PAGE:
Though I’ve been blowing through lots of projects during this quarantine, I haven’t gotten to my most anticipated changes for the kitchen. I have to wait until it’s safe to have a contractor redo our kitchen floors (hopefully we still can in June). I’ve been debating on whether to do the appliance DIY before or after the tile redo, since it would be easy to only move the appliances once. However, I can work on some smaller projects in the mean time! I’m deciding on a new paint color for the walls, and I have a few cute organization projects that I just completed (stay tuned!) I also changed the color of my toaster oven and I love it!
The before-mentioned DIY for the appliances is to change their color with car vinyl. I really want retro, or retro-style appliances, but that is a dream I need to wait on. In the meantime, this project will give my existing appliances a colorful, retro boost! There are several great bloggers who have used car vinyl on their own appliances to great success, which is why I chose to use that material on my fridge and stove instead of high-heat paint. Plus, I think I will have a more professional look with the vinyl, since spray painting such large objects could look splotchy if I don’t do it perfect.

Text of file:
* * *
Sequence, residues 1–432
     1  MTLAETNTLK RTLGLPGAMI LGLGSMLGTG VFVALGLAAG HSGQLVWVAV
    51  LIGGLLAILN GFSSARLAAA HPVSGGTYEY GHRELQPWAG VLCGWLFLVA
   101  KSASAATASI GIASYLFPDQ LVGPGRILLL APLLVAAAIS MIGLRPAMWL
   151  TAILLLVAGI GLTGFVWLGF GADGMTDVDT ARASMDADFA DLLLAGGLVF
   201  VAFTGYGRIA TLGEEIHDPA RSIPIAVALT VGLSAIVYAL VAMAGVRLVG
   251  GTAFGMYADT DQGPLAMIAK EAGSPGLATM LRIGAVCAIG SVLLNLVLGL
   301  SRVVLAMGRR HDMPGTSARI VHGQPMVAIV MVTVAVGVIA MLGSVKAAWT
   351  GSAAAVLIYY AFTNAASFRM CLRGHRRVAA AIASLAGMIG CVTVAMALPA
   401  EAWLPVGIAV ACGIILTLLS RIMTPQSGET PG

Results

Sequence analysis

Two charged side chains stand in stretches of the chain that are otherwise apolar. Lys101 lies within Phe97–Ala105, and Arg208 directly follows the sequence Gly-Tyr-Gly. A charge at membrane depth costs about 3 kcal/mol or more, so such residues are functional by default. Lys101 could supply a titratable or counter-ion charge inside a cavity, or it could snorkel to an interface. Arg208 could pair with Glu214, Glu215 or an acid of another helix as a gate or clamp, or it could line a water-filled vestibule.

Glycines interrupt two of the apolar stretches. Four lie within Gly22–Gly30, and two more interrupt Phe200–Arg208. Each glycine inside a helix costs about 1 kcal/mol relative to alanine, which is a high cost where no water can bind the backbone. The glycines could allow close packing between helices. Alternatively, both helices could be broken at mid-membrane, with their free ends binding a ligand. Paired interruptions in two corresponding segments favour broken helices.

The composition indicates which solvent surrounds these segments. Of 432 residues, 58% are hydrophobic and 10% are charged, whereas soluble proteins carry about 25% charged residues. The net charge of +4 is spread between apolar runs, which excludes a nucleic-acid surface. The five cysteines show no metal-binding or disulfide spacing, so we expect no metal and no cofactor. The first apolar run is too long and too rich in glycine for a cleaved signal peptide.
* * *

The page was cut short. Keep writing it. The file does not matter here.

My toaster oven is a different story. It’s small and would be easier to change with paint. So I ordered this high-heat spray paint (originally meant for cars) and got to work! It was a really easy project and it totally changed the look of my well-used toaster oven. I also had all the supplies on hand besides the paint, so it was a $7 project! Check out the details below to change the color of your own toaster oven 🙂
- High Heat Spray Paint
- Cleaner (I use Bar Keeper’s Friend)
- Stainless Steel Sponge (optional)
- 320 Grit or another Fine Grit Sandpaper
- Painter’s Tape
- X-Acto Knife
- Plastic Wrap
- Start by cleaning all surfaces of your toaster oven with your cleaner and sponge. You don’t necessarily need to clean the inside, but you might as well since you are already cleaning the outside (and mine really needed it). I used the stainless steel sponge to get at the really tough spots.
- Once all surfaces are clean and dry, lightly sand all the outside surfaces. This will help the paint stick better. Wipe the surface of dust after.
- Using your painter’s tape and X-Acto knife, and tape off all areas that you don’t want painted. This includes knobs, handles, and important instructional text on the back. I pressed the tape around the curves and angle of the places I wanted covered, and then used my X-Acto knife to cut precisely.
- Instead of using all tape to cover the glass door, use a piece of plastic wrap with tape on the edges to cover it.
- Once all areas that you don’t want painted are covered, spray a light coat of paint on all external surfaces. Wait 10 minutes.
- Spray a second and third coat (with 10 minutes in between) until all external surfaces are solidly covered.
- After an hour of drying, peel off all painter’s tape.
- Wait another 24 hours before use, and your project is complete!